Perhaps the most astonishing illustrations of the attraction of a Jewish way of life in late antiquity were the conversion of the Arabs of Himyar (Yemen) to Judaism in the late fourth century and the conversion of the Khazars in the Caucasus and Crimea in the ninth century. Both had kingdoms that lasted more than a century. Schama is well aware of these bizarre episodes, and he recognizes that the evidence for them is strong enough to assure them a conspicuous place in his story of the Jews, even if they were soon gone. The Arab Jews of Himyar tried vigorously to eradicate Christianity in the region but were ultimately wiped out in 525 by Ethiopian Christians who crossed the Red Sea from Axum. Before succumbing to armies from Kiev, the Jewish Khazars forged a link with Jews far away in Córdoba in Spain, even issuing coins with “Land of the Khazars” on one side and “Moses is the Messenger of God” on the other, thereby appropriating the Islamic designation for Muhammad.
Curiously, Schama’s reference to the Ethiopian Christians nowhere tempts him to look, however briefly, at the Ethiopian Jews, known as Beta Israel, who are of indeterminate origin and antiquity and whose relatively recent immigration to Israel provoked a lively national debate. In an account of her research in Ethiopia on musical traditions that survived in the 1970s, Kay Kaufman Shelamay has described how she discovered that the Ethiopian Jews had formerly had monasteries and monks, and that their worship included choral chant in the ancient Ethiopic language Ge‘ez. Since Ethiopian Christians consider themselves descended from Solomon through the Queen of Sheba, she drew the conclusion that Beta Israel was probably a breakaway sect of Ethiopian Christians who chose to identify themselves as Jews. She has described her research and the controversy that her findings provoked in an eloquent and moving book.3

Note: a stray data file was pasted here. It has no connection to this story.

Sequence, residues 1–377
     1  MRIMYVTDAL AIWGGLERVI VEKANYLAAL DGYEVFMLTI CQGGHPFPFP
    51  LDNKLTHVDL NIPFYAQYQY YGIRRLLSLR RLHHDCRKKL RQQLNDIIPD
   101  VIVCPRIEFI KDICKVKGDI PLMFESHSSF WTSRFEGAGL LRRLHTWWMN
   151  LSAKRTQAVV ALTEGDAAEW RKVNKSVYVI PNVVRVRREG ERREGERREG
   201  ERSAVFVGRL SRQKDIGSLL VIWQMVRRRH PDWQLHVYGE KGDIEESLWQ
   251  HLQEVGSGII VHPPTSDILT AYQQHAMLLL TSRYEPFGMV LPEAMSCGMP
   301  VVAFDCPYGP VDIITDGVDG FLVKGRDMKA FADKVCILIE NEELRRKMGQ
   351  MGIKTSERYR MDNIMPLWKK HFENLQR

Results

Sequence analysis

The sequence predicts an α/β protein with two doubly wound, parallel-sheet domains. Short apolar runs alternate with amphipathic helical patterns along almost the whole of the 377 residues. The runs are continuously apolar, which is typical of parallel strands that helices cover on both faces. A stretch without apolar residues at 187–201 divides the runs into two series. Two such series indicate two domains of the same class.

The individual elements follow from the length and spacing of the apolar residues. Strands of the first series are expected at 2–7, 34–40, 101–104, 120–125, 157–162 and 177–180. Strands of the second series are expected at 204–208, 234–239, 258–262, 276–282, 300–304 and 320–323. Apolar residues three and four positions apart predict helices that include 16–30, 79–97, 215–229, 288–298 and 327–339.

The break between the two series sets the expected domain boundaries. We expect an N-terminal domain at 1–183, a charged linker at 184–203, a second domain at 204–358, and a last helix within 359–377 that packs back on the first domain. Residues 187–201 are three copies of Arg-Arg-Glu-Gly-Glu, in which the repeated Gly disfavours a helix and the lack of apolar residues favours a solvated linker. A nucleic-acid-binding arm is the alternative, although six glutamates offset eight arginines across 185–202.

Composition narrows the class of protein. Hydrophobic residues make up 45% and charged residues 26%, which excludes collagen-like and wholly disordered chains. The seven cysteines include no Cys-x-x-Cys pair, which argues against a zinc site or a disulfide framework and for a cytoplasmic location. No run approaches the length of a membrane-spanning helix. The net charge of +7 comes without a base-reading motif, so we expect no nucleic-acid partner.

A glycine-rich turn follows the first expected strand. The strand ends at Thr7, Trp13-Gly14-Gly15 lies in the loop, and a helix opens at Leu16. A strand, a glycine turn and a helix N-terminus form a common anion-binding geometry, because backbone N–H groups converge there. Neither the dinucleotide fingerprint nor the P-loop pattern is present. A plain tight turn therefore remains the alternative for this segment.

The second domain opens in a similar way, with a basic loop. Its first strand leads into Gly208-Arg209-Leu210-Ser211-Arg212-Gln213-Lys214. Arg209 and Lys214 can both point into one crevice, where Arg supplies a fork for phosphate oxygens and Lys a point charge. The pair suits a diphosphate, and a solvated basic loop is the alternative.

The fateful arrival of Islam as a new monotheist religion in the seventh century was fraught with consequences for all those Jews whom Muslims encountered wherever they went. The new faith was not only uncompromisingly monotheist but recognized that it shared this conviction with the Jews. It looked back to Abraham as an ancestor, much as the Jews did. He was, as the Bible said, the progenitor of nations. Even Moses, whom the Greek-speaking Christians could easily comprehend as a lawgiver and a precursor of Plato, lacked the primal authority of Abraham among Jews and Muslims. The links between Jewish and Muslim monotheism are obscure, although powerful arguments have been advanced in recent decades for Jewish material in Gabriel’s revelations to Muhammad, as we know them from the Koran. John Wansbrough, an American Islamic scholar who worked in Britain, is closely associated with these arguments.